Pile by the Bed lists the top five fantasy novels of 2019 (with three honourable mentions)
Pile by the Bed reviews The Raven Tower by Ann Leckie, a book that reinvents the ground rules of the fantasy genre.
Some great science fiction reads in 2017 – here are five of the best (and three honourable mentions): Claire G Coleman’ stunning debut Terra Nullius was speculative fiction that shone a new light on the colonisation of Australia. John Scalzi created an empire just to start destroying it in the enjoyable space opera The Collapsing Empire. Yoon Ha Lee continued to impress with Raven Stratagem, the mathematically-driven by deeply humanist sequel to last year’s standout debut Ninefox Gambit. Becky Chambers also impressed with the follow up to her debut with A Closed and Common Orbit. Ann Leckie gave us Provenance, a stand alone novel set in the same universe as her award winning Ancillary series. Honourable Mentions: Places in the Darkness by Chris Brookmyer Luna: Wolf Moon by Ian McDonald Waking Gods by Sylvain Neuvel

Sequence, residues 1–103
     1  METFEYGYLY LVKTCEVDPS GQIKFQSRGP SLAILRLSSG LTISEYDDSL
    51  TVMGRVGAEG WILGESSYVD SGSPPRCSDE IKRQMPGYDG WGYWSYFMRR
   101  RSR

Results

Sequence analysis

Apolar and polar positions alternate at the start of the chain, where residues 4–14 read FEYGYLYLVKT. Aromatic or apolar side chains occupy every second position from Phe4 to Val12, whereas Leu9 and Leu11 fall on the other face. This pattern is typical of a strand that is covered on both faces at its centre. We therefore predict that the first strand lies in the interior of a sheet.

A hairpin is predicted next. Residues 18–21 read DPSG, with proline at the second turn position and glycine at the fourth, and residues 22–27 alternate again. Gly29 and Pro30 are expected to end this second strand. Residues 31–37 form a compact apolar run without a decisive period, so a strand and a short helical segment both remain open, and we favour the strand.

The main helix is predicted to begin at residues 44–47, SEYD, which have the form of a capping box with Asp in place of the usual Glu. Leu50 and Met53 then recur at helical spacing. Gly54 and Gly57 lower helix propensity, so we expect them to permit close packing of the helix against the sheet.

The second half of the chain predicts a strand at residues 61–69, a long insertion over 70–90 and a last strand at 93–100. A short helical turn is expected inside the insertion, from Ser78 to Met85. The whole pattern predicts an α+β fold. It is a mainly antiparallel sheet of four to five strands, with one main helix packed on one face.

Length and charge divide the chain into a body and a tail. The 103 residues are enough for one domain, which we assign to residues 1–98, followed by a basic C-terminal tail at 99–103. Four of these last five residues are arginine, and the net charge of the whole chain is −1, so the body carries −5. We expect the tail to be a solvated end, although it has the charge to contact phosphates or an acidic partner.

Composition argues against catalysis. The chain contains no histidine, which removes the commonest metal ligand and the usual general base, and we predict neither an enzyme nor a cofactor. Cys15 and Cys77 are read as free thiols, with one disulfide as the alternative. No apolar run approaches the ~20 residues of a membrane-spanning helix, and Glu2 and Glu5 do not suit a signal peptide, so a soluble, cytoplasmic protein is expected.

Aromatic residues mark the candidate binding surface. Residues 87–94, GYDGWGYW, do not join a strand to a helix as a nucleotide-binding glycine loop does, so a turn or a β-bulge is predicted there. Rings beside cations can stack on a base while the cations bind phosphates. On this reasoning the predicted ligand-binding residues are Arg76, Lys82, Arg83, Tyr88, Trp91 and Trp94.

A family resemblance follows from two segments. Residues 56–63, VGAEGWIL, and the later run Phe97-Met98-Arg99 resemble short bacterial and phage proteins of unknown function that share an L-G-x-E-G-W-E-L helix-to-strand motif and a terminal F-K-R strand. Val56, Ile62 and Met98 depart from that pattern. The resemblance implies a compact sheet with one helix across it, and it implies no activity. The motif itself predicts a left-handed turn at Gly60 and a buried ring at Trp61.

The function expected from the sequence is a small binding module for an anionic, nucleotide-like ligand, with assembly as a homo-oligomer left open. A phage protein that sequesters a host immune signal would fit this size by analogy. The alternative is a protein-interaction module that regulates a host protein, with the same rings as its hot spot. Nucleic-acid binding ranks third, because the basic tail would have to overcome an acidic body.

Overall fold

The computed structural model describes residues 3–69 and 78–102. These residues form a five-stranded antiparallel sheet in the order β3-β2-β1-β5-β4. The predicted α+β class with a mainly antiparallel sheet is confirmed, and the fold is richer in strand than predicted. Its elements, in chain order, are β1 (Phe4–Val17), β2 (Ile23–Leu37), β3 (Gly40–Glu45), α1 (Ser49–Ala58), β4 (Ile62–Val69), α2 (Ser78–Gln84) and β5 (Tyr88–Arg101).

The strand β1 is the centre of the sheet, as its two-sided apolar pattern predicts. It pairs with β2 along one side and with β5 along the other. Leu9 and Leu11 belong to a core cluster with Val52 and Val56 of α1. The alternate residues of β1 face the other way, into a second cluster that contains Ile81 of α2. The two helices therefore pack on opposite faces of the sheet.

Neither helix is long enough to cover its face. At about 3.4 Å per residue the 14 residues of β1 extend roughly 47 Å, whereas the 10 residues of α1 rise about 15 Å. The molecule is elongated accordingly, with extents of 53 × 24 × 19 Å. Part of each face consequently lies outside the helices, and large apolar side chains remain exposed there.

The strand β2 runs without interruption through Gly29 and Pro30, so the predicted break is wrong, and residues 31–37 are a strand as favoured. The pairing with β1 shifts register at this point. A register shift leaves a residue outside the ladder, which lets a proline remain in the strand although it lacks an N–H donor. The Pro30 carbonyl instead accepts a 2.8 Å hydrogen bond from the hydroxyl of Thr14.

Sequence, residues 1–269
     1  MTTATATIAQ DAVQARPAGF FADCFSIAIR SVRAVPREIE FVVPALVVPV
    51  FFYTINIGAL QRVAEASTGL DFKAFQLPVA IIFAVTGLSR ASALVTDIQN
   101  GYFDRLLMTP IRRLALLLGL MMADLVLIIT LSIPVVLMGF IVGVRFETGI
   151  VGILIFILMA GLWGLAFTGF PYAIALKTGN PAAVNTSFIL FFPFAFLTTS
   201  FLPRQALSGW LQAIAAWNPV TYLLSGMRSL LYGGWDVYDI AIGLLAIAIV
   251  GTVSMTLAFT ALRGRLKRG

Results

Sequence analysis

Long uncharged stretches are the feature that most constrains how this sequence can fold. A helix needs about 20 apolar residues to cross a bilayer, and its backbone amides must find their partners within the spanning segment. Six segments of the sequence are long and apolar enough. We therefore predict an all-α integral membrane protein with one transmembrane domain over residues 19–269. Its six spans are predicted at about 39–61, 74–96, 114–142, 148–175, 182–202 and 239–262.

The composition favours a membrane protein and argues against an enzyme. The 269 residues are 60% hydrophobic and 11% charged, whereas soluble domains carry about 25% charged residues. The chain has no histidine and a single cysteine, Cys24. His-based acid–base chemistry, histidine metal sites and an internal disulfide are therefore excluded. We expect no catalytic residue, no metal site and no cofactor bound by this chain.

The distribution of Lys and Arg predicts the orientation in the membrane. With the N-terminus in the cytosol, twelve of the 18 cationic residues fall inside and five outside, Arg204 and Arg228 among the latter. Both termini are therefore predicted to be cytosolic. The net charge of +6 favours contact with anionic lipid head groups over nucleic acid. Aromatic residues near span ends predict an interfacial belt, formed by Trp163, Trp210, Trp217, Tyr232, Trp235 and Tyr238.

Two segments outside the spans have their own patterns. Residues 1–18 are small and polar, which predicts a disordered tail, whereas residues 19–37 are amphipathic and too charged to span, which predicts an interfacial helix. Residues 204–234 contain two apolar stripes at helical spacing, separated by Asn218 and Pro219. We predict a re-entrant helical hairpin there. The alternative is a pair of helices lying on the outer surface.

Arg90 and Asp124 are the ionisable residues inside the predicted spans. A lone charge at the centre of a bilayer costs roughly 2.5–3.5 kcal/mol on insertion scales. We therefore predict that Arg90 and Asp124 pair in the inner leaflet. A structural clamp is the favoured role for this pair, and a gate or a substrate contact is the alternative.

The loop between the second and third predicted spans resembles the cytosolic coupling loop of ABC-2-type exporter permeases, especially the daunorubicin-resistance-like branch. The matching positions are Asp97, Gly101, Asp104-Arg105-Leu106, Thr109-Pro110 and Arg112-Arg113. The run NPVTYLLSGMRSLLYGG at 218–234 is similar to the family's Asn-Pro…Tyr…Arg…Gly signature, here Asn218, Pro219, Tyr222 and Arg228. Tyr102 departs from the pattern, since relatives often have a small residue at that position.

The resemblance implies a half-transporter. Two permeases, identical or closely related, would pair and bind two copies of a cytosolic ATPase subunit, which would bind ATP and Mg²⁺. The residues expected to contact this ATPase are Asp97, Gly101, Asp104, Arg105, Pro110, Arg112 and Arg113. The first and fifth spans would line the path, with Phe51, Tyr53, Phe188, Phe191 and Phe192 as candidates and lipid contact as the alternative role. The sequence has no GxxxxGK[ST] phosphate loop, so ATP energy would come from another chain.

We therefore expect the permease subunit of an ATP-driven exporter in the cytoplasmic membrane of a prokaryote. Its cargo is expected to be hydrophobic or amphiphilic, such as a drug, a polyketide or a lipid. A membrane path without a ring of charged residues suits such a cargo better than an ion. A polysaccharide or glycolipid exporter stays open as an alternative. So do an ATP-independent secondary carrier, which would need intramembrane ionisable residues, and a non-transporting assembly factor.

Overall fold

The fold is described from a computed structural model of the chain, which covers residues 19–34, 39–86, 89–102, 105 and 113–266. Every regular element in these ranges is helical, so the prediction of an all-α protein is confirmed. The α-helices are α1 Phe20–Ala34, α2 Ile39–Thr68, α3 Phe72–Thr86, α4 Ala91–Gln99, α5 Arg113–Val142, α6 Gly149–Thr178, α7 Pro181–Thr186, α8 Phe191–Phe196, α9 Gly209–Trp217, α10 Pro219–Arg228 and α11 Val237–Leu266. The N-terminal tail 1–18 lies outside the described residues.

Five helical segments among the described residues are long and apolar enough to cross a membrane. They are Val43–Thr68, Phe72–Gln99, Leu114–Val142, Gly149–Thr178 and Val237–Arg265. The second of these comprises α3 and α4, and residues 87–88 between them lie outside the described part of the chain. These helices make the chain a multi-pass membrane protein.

When you have built an award-winning universe, there is little point starting a new one. Much better to go, as Ann Leckie does in Provenance, and explore another corner of it. Iain Banks understood this and, similarly, set many of his science fiction novels in and around his expansive Culture universe. For readers steeped in Leckie’s universe, having been on board for the trilogy that started with her multi award winning debut Ancillary Justice, small call backs and particular characters and situations have greater import. For those new to Leckie’s universe it allows her to produce a stand-alone novel with a more epic feel. The events of the Ancillary trilogy are referenced but as one of the characters herself observes “that was very far away”. Provenance opens with Ingray Aughskold trying to pull off an audacious plan to attract the attention of her mother, the Netano. Ingray, in competition with her brother to take the title of Netano, pays all of the money she has to organize the release of a prisoner from “Compassionate Removal” a prison from which, supposedly, no one returns. It is after the transaction does not go as planned and she is down her luck that…